Post Tagged with: "gentrification"

DISTRICT WHARF | As a part of a development plan, the Wharf installed medallions along the boardwalk, commemorating the complex history of slavery in the District. The second phase of the development is set to be finished in 2022.

Slavery’s Legacy Finds Focus Amid Wharf Development

Five hundred feet from the port that carried members of the 272 enslaved people sold by the Maryland Province of the Society of Jesus in 1838 to financially sustain Georgetown University, plans for redevelopment of the Wharf have lined the southwest Washington, D.C. waterfront with new restaurants, shops and apartment[Read More…]

by September 13, 2019 0 comments Features, News - Top
Shanika Hopson

DC Jazz Landscape Adapts to Evolving Challenges

Despite being a fixture of Washington, D.C.’s rich and multifaceted history of jazz for almost a century, the Bohemian Caverns finally shut down in the face of financial struggle that had plagued the establishment for decades. Once a hub for jazz legends in the 20th century like Billie Holiday, Louis[Read More…]

by November 2, 2018 0 comments Guide - Top, Music, The Guide
Curator of Music and Performing Arts at the Smithsonian’s National Museum of African-American History and Culture Dwandalyn Reece, Georgetown University Distinguished Artist in Residence and Kennedy Center Artistic Director of Jazz Jason Moran, and Associate Professor of the History Department Maurice Jackson discussed the state of jazz in Washington, D.C.

DC Jazz Threatened by Gentrification, Says Kennedy Center Artistic Director of Jazz Jason Moran

Gentrification threatens Washington, D.C. jazz and art, jazz musician and composer Jason Moran said at an event Tuesday in Copley Lounge. Moran, a distinguished artist-in-residence at Georgetown University and the Kennedy Center musical advisor and artistic director of jazz, has composed soundtracks for six films including the 2014 movie “Selma.”[Read More…]

by October 4, 2018 1 comment Campus News, News, News - Top

EDITORIAL: Reject Amazon to Defend DC

While Amazon considers Washington, D.C., as one of the potential locations to build its second corporate headquarters, Washingtonians should be wary of this apparent economic boon. Though D.C. Mayor Muriel Bowser (D) has touted the construction of Amazon’s HQ2 as a way to further expand the local economy, the arrival[Read More…]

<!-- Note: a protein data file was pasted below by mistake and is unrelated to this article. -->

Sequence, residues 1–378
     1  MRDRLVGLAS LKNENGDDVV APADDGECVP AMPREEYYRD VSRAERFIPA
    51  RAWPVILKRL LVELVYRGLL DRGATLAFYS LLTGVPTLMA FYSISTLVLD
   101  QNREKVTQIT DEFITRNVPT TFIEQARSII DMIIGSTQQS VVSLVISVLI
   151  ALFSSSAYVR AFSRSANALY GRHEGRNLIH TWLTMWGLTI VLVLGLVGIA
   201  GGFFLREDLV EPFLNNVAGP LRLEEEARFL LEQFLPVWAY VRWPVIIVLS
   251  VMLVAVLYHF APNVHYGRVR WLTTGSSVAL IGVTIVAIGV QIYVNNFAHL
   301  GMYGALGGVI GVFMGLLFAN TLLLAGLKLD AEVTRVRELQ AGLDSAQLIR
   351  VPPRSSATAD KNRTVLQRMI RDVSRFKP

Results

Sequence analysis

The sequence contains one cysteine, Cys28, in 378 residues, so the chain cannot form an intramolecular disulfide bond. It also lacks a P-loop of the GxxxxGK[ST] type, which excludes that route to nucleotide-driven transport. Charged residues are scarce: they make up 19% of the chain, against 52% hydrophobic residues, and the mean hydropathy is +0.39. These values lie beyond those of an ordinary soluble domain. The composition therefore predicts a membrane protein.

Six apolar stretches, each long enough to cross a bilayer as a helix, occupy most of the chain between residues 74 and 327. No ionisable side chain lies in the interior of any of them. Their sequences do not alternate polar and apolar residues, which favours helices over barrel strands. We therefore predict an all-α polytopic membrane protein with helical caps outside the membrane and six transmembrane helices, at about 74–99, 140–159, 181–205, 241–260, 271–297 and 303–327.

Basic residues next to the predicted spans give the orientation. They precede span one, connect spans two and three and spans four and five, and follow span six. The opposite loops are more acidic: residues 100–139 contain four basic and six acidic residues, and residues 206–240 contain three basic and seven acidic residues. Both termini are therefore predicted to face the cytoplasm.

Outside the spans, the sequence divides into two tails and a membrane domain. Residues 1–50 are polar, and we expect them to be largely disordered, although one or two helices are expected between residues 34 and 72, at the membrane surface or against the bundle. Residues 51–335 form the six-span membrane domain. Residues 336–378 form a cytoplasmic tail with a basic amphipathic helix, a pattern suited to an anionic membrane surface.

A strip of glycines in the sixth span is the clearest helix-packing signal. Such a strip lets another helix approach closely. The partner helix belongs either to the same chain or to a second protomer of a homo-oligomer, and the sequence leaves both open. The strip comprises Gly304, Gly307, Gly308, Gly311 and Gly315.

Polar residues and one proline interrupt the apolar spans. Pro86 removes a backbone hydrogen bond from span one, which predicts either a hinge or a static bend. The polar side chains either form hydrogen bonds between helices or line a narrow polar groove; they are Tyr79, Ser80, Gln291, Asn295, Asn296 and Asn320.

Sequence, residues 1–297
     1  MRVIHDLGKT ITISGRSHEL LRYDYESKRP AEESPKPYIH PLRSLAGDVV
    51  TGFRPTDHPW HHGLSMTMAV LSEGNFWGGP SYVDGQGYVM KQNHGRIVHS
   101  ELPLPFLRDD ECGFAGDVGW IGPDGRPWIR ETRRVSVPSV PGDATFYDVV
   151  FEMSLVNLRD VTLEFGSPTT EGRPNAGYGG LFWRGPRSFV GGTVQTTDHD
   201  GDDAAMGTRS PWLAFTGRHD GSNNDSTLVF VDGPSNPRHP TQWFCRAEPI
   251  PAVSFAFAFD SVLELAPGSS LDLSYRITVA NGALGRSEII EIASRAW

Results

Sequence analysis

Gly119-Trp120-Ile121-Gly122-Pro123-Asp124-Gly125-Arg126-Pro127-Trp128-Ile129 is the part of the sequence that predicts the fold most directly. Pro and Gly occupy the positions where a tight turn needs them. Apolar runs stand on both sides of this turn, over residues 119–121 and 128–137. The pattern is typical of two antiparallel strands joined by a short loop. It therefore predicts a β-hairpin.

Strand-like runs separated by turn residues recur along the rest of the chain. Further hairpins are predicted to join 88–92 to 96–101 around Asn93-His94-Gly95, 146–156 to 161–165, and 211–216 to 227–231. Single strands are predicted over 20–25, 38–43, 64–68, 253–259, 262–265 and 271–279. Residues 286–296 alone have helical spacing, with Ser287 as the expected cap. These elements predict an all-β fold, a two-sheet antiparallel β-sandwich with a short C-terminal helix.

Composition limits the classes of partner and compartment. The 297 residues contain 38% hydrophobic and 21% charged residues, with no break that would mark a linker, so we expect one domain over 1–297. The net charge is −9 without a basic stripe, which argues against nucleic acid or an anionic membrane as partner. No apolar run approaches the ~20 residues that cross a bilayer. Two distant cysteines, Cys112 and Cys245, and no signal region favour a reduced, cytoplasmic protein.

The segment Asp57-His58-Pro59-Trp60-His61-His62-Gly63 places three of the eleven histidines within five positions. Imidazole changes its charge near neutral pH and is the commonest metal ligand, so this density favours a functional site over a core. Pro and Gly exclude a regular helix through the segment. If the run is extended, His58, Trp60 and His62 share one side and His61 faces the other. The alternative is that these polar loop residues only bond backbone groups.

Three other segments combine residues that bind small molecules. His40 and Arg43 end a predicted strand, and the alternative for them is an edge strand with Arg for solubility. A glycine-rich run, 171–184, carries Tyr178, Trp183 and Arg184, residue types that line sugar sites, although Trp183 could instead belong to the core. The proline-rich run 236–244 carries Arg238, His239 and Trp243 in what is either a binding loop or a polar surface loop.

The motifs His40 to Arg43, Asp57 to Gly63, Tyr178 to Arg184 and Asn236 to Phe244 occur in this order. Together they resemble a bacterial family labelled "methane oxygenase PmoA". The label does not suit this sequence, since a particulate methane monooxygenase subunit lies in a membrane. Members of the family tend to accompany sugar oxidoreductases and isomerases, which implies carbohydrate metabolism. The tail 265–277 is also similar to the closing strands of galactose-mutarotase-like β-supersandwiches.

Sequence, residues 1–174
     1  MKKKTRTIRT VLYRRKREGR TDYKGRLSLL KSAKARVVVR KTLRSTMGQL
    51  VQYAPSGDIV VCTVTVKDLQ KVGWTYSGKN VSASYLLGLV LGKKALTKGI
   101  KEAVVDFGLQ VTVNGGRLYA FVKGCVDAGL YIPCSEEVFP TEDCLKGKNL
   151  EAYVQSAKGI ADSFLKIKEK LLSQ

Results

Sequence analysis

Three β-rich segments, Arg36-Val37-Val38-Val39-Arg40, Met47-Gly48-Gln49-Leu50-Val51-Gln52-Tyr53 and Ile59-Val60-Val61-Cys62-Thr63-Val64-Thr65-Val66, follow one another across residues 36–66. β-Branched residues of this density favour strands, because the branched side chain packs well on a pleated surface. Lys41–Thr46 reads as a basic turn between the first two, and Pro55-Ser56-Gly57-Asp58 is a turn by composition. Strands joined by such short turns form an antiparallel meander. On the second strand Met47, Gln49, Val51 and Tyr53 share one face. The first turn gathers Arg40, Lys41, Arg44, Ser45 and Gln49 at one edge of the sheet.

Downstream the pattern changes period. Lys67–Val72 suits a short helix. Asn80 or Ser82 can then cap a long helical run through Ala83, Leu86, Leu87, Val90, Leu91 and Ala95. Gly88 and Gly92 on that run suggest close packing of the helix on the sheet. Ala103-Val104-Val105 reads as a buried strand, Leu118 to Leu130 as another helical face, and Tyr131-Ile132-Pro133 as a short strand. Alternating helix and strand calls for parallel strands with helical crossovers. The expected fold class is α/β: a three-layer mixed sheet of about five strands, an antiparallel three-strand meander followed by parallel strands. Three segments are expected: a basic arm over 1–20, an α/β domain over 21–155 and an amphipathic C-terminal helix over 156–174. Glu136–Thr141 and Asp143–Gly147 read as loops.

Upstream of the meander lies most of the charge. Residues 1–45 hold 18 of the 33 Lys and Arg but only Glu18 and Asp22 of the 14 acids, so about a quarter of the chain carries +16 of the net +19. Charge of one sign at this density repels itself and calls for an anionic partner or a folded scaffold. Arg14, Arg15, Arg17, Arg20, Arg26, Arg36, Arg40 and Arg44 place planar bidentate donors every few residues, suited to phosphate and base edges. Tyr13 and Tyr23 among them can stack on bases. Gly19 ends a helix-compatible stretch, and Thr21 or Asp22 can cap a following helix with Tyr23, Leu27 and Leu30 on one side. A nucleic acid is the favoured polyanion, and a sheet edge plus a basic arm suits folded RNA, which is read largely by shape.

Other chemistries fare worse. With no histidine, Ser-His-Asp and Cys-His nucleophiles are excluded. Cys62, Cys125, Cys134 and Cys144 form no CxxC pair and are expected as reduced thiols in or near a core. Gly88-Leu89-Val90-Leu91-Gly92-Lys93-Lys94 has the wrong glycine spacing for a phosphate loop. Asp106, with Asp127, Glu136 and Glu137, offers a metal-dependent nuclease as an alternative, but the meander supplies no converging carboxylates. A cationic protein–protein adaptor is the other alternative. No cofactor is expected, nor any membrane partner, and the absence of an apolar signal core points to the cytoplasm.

by November 10, 2017 5 comments Editorial
Fading Lights: Decay of DC Nightlife

Fading Lights: Decay of DC Nightlife

Unbeknownst to most Georgetown students, just a 10-minute walk from the front gates sits a building filled with rich musical history. Although its stage has since been retired, it is here where Jimi Hendrix once played, where U2 made its American debut and where big names in rock music, from[Read More…]

Inequality Displaces Black DC Residents

Inequality Displaces Black DC Residents

The black population in Washington, D.C., dipped below 50 percent for the first time in nearly 60 years due to increased gentrification, growing income inequality and an expanding education gap, trends expected to continue without government intervention, according to a Georgetown University report released Thursday morning. Requested by the D.C.[Read More…]

by October 13, 2017 2 comments City News, News, News - Top
Crumbling Character: A Gentrified Georgetown

Crumbling Character: A Gentrified Georgetown

  A quarter of a century ago, a stroll down M Street would reveal rows of highly specialized boutique shops, restaurants and vendors. Crowds lured in from across the city and the country filled the sidewalks, ready to experience an atmosphere unique to this small corner of northwest Washington, D.C.[Read More…]

RAAB: Progress Threatens Culture

You can still see the name on the long gray and brown signs that come into focus as the train slows to a halt. But it is a subtitle. “Gallery Place” is the primary name of the Metro stop, then, after a dash, “Chinatown.” The station was renamed “Chinatown” in[Read More…]

by February 3, 2015 0 comments Sports, Sports - Top, Sports Columns
Professor Brian McCabe explained the effects of gentrification on D.C.’s demographics and neighborhoods in an event Tuesday.

Workshop Tackles DC Demographics

The Georgetown Center for Social Justice Research, Teaching and Service held a workshop on demographics in Washington, D.C., on Tuesday. The workshop, entitled “Demographics in D.C.” took place in White-Gravenor Hall. Approximately 100 students from various Georgetown organizations attended, including members of D.C. Schools Project, D.C. Reads, the Georgetown University[Read More…]

by October 10, 2014 0 comments Campus News, News
Changing Character of DC’s Population

Changing Character of DC’s Population

Once called America’s Chocolate City, D.C. has lost some of that distinction over the past decade with the advent of gentrification across many of the city’s wards. Sheryll Cashin and Paul Butler, two professors of law specializing in the area of race relations at the Georgetown University Law Center, opine[Read More…]

by February 14, 2014 0 comments City News, News